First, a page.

It’s no secret that the Chinese like to own homes and other properties – but their penchant for real estate may foretell a property bust for the world’s second-largest economy.

Some 66.1 percent of China’s family assets were in housing in 2013, a national survey of 28,000 households found, and mortgage debt as a share of disposable income rose from 18 in 2008 to 30 percent, according to estimates by Nicholas Lardy at the Peterson Institute for International Economics in Washington, Bloomberg reported on Tuesday.

But with so many assets tied up in real estate, a slide in property prices could have widespread ripple effects – a hit to household wealth would impair consumer spending, which could derail the government’s plan to steer the nation toward a more consumption-driven economy.

“A fall in housing prices could have significant knock-on effects on private consumption,” said Eswar Prasad, a former chief of the International Monetary Fund’s China division, according to Bloomberg. “Such a hit to private consumption could pose significant macroeconomic risks, both to headline growth and the process of rebalancing growth.”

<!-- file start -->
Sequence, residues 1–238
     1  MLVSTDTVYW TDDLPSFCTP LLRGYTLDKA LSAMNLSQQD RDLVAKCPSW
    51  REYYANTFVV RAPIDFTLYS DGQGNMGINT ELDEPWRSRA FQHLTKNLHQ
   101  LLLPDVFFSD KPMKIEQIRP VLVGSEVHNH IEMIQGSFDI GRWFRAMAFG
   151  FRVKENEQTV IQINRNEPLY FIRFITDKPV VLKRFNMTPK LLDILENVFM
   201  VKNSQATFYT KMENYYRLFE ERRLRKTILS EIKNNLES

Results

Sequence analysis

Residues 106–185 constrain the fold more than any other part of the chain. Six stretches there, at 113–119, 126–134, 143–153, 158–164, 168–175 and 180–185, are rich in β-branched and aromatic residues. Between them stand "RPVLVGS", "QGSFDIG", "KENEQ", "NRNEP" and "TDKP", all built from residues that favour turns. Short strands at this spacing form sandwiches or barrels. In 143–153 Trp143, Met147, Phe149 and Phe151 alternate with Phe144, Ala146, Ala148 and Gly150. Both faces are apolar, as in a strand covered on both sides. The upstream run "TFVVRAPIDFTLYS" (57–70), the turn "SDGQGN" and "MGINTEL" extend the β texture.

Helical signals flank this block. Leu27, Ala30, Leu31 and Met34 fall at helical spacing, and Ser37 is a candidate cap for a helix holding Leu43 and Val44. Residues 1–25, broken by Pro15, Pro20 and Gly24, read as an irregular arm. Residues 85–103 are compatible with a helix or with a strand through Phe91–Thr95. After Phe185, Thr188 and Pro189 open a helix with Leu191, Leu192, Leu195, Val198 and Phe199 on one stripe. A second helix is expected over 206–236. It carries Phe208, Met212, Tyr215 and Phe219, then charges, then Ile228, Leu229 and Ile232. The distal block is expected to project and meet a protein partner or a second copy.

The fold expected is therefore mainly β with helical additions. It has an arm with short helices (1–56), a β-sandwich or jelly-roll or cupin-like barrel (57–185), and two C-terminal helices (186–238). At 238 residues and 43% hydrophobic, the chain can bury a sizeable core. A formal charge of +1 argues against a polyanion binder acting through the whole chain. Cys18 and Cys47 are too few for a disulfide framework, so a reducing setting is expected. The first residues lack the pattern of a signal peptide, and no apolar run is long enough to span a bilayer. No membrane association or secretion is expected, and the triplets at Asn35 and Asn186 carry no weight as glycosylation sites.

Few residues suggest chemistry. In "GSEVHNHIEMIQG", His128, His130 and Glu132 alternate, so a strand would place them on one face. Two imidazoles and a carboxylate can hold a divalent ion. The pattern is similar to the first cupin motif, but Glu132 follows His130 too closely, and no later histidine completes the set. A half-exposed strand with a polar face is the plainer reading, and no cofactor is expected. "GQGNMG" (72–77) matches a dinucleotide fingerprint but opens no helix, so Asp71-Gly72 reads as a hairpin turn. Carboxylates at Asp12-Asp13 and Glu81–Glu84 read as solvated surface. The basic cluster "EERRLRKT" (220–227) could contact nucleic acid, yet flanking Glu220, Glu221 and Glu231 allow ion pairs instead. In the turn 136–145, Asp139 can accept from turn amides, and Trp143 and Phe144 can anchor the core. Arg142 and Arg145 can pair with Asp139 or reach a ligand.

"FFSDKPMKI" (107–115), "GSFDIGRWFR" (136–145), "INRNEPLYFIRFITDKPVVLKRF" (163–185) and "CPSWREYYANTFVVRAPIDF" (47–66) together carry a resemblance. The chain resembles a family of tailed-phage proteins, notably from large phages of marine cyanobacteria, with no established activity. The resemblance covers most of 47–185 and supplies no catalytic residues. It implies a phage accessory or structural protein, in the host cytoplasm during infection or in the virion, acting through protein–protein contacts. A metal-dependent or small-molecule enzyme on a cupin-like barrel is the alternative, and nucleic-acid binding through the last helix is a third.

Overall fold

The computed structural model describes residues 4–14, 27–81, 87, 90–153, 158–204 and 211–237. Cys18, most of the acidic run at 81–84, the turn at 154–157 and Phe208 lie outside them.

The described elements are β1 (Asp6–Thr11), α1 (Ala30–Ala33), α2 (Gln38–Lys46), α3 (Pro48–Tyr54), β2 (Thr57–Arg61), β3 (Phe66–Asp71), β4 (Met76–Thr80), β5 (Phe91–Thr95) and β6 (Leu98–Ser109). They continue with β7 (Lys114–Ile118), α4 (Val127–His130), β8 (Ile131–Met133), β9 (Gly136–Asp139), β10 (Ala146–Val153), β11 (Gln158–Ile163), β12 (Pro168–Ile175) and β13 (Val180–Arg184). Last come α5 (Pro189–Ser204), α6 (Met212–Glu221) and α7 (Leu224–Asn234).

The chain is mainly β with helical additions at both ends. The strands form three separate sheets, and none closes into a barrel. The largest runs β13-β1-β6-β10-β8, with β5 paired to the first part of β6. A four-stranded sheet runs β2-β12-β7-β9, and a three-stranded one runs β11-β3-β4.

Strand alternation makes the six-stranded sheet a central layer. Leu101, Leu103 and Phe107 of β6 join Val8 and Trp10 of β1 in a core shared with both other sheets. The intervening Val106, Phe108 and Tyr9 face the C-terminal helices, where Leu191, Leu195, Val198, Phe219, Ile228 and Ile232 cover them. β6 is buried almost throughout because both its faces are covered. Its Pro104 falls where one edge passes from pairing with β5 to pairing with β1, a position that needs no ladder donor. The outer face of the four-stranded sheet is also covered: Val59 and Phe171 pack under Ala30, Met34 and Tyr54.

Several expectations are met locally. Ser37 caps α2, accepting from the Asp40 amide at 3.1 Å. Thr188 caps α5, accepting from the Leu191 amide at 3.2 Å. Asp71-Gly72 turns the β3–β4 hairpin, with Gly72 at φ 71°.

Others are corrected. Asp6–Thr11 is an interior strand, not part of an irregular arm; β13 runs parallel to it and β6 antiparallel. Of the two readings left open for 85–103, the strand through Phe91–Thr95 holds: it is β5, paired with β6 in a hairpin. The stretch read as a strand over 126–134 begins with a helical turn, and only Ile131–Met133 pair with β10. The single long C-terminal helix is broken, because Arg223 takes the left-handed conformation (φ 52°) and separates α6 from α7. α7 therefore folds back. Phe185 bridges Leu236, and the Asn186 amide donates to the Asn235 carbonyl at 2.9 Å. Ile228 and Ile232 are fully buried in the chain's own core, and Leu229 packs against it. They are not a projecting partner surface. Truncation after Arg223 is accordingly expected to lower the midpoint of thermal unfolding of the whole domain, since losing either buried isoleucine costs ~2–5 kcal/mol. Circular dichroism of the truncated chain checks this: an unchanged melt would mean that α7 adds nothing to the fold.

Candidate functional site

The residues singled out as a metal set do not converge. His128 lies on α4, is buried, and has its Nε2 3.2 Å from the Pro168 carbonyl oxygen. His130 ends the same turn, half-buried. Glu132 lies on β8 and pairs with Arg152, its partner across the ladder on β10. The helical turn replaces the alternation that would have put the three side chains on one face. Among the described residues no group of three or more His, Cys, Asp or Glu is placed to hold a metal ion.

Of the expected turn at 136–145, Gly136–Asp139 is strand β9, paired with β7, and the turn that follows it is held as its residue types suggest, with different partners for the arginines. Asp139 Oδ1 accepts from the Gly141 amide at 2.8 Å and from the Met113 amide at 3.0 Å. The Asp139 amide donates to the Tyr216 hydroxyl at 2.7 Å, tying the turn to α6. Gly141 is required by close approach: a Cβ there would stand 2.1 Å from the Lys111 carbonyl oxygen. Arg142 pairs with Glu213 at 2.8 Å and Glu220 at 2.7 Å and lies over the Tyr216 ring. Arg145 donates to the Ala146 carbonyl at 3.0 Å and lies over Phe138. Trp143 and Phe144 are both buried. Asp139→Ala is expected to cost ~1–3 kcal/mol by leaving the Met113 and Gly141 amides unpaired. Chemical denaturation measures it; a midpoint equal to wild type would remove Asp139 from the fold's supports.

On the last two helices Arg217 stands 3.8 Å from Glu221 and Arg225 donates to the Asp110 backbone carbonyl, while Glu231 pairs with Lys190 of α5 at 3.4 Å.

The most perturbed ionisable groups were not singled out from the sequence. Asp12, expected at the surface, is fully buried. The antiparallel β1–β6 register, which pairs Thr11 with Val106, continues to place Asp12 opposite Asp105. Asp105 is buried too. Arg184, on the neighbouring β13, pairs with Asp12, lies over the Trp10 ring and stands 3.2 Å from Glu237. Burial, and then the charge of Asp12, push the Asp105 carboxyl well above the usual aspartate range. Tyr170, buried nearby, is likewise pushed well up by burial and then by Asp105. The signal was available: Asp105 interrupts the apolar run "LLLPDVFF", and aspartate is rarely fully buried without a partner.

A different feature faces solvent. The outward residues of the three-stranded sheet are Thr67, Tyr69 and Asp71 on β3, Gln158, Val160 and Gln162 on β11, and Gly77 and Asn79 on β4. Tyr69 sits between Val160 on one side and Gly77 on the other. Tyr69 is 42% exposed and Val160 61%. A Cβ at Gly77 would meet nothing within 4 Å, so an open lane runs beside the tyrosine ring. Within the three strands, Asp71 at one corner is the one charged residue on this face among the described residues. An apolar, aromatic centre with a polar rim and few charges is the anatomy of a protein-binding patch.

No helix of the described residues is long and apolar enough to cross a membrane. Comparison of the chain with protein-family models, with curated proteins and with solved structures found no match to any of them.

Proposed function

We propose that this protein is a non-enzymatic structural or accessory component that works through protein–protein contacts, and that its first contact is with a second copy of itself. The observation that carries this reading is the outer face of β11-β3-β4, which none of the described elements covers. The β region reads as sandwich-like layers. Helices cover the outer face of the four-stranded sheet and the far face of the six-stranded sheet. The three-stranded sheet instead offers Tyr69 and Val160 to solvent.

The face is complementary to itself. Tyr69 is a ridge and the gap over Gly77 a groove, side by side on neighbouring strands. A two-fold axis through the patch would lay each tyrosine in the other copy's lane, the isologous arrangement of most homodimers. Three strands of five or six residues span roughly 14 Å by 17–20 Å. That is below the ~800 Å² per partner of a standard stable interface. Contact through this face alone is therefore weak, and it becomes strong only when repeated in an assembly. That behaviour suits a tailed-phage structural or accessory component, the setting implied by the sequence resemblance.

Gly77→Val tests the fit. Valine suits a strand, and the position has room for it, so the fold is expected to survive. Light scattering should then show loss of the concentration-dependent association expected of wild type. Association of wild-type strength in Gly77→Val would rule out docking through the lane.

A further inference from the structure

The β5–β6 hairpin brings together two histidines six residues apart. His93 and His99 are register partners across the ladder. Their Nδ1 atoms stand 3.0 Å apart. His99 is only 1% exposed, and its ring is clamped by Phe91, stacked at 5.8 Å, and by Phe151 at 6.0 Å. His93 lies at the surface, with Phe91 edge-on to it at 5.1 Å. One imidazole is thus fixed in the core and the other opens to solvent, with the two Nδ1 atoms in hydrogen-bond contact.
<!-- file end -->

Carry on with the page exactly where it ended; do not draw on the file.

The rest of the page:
For now, it seems real estate prices will keep going up. Home prices in December showed the biggest year-on-year increase in 2013 – 12 percent, according to Soufun Holdings Ltd., which operates China’s biggest real estate website. But already, there may be signs of oversupply outside the nation’s four biggest cities, according to Centaline Property Agency Ltd., China’s biggest real estate brokerage.

And in real estate, higher prices are not always good. Property holders are becoming uneasy, as prices may be rising to unsustainable levels. Liu Li Gang, the chief Greater China economist at Australia & New Zealand Banking Group Ltd., said that when China opens its capital account, property owners may rush to the exit and shift their money overseas, Bloomberg reported.